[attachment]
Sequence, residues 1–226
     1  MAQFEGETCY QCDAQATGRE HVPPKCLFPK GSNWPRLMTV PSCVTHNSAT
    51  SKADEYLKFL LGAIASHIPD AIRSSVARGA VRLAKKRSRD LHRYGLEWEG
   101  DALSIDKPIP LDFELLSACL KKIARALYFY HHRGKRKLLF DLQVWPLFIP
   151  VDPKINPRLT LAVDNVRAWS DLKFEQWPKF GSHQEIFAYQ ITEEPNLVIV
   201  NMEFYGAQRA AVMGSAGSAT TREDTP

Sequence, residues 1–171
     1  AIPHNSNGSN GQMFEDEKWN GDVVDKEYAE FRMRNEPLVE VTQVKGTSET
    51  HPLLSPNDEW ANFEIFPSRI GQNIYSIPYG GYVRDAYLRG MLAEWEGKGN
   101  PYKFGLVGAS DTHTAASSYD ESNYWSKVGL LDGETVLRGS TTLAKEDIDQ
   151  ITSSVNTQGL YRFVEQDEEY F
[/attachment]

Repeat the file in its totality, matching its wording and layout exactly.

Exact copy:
Sequence, residues 1–226
     1  MAQFEGETCY QCDAQATGRE HVPPKCLFPK GSNWPRLMTV PSCVTHNSAT
    51  SKADEYLKFL LGAIASHIPD AIRSSVARGA VRLAKKRSRD LHRYGLEWEG
   101  DALSIDKPIP LDFELLSACL KKIARALYFY HHRGKRKLLF DLQVWPLFIP
   151  VDPKINPRLT LAVDNVRAWS DLKFEQWPKF GSHQEIFAYQ ITEEPNLVIV
   201  NMEFYGAQRA AVMGSAGSAT TREDTP

Sequence, residues 1–171
     1  AIPHNSNGSN GQMFEDEKWN GDVVDKEYAE FRMRNEPLVE VTQVKGTSET
    51  HPLLSPNDEW ANFEIFPSRI GQNIYSIPYG GYVRDAYLRG MLAEWEGKGN
   101  PYKFGLVGAS DTHTAASSYD ESNYWSKVGL LDGETVLRGS TTLAKEDIDQ
   151  ITSSVNTQGL YRFVEQDEEY F